This photo is from gun camera footage shot by Horst Petzschler when he shot down this B-17 in a head on pass.
Franz pulled up slightly to avoid the bottom gun. The rear gunner was enough for him to deal with. Just as a few rounds from the bomber hit the right wing of his Messerschmitt, Franz fired on the bomber. His rounds first struck the tail area in an effort to silence the gunner. There was no way that Franz could hold his target as he was moving to avoid being hit by the guns of the bomber. Plus the wounded Fortress was sliding to the left and nosing down as he was coming up from behind. As Franz fired he could see his rounds hit and run up the side of the fuselage. Franz triggered his cannon and its rounds went into the right wing root area.
Franz banked and looked back over his shoulder. He figured that he had hit the pilot or damaged his instruments enough for the Fortress to loose control during his first head on pass. On his second pass it looked like Franz caused the rear gunner much grief. The bullets along the side of the bomber sprayed the right waist gunner, but it was the 20mm cannon ripping holes into the main body of the plane at the wing root that ensured its demise. Franz banked to the right and then left pulling in front of the B-17. He saw the first parachute followed by another figure bailing out as he came back into the bomber formation selecting his next target. One B-17 down.
Heading back into the bomber formation he selected one that was about a mile away and 1000 feet lower coming at him. Franz bore down on the bomber. He aimed just ahead of the bomber coming in an attack angle that would take his bullets from the nose to the middle wing root area. Franz waited for the bomber to intersect with his line of fire in his gun sites.
The top turret was the only gun that could bring its guns to bear on him. Franz felt and heard crashing sounds as a few of the American’s rounds hit his fighter. NOW! Franz said to himself as he fired all guns. Just as planned he crossed the aircraft with a complete folly of combined fire. Like opening a tin can he could see that he all but cut the Fortress in half. His bullets ripped into the Fortress right behind the turret gunner.
Franz flashed past the bomber in his dive. He kicked rudder to the right. His Messerschmitt was going full throttle and the turn took him into a controlled slide as he tried to right himself and go back to his target. Again he found himself back in the middle of a hundred guns all firing at him. He just had to ignore them. He began his climb towards the rear of the B-17 he had hit. This time he would have to put up with the right waist gunner and the bottom gun. His angle was where the rear gunner could not reach him. The American gunners were not going to let Franz get in close. Franz could see the tracers of both the right side gunner and the bottom turret draw together towards him.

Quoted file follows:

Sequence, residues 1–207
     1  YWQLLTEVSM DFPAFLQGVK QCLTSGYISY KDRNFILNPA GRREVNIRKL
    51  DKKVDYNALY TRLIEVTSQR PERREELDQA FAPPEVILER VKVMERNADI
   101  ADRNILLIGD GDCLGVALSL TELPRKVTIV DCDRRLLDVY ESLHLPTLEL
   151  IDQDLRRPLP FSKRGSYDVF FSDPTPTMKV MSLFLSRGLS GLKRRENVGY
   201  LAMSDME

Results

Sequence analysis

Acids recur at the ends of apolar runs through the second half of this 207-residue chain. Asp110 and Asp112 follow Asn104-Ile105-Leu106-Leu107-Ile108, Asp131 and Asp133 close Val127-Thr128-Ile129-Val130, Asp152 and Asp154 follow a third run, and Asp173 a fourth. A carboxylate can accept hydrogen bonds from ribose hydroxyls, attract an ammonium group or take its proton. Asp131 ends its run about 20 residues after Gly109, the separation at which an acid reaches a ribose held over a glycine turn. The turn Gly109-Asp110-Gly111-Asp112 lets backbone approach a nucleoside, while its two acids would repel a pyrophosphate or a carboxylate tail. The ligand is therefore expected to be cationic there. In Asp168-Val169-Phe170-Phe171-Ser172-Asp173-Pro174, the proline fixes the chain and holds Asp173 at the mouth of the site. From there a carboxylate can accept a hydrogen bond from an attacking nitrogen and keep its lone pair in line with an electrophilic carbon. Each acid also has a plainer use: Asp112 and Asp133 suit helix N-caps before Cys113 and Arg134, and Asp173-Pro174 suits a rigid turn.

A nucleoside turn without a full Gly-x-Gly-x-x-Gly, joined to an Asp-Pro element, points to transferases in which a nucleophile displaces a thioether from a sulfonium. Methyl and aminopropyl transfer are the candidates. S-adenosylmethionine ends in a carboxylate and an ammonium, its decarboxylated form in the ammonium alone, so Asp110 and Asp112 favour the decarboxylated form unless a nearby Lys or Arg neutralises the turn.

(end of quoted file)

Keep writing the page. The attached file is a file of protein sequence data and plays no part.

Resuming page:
“God Damn!” Franz thought as a few of the enemy’s rounds hit is machine. Finally Franz fired all guns into the wing in-between the two engines where the fuel tanks rested along with landing gear and many other controls. Franz flew straight on pouring cannon and machine gun fire into this concentrated area. The incoming fire from the bomber was so intense that even Franz could not control his fear. He threw his left arm over his eyes as he held his course and fired for a few more seconds. Franz pulled his fighter level and looked back at his nemesis. His rounds had struck true. Fire had enveloped the right wing of the Fortress. That bomber would never see its target. Franz knew that he had saved many German citizens.
Franz was almost out of ammunition and he needed to save what he had left in case an American fighter jumped him. There were many American fighters flying in and out of the bomber formations as they chased the FW-190’s and Bf-109’s. Yet one never confronted Franz. He set course for his airbase and checked for damage. Two down. That made for a good day. Of course Franz knew that anytime he lived through combat made it a good day. Franz told me that one time he was shot down by the rear gunner of a Fortress before he was able to fire his own guns! But he lived.
Charlie’s Morning Mission Continued
On the way to their target, Ye Olde Pub had been jumped by Luftwaffe fighters. As the German fighters attacked the intercom almost burst with shouting crewmen yelling, “Here he comes”, “look out to the right”. The overall engagement was dumbfounding. The waist gunners were both engaged. Just minutes before they were both laughing and thinking that the Germans weren’t going to come up and bother them. Then fighters were spotted. The air inside the bomber was filled with the scent of spent gunpowder. The gunners could still smell the acid sent with their oxygen masks on.
The Fortress was raked with the thunderous sound of incoming bullets. The left waist gunner fell back. The other bent down to help him. His arms had been hit. Blood was flowing freely. The unhurt gunner tried to calm his injured friend, he called on the intercom that his buddy had been hit and he was helping him. “Back to your guns! Here they come again.” The bomber was being fired on from the rear. The rear gunner was saying “Here he comes, I got him now!” Smashing and grinding noises then came from the rear of the bomber.
Everyone was busy. Both Charlie and the co-pilot bravely held course in order for the combined firepower of the formation to be effective. What hell it was to fly straight and level during such a burst of violence. The copilot told Charlie that one of the port engines was hit but not burning or smoking. The Fortress was rocked by turbulence as an enemy fighter flew past very close.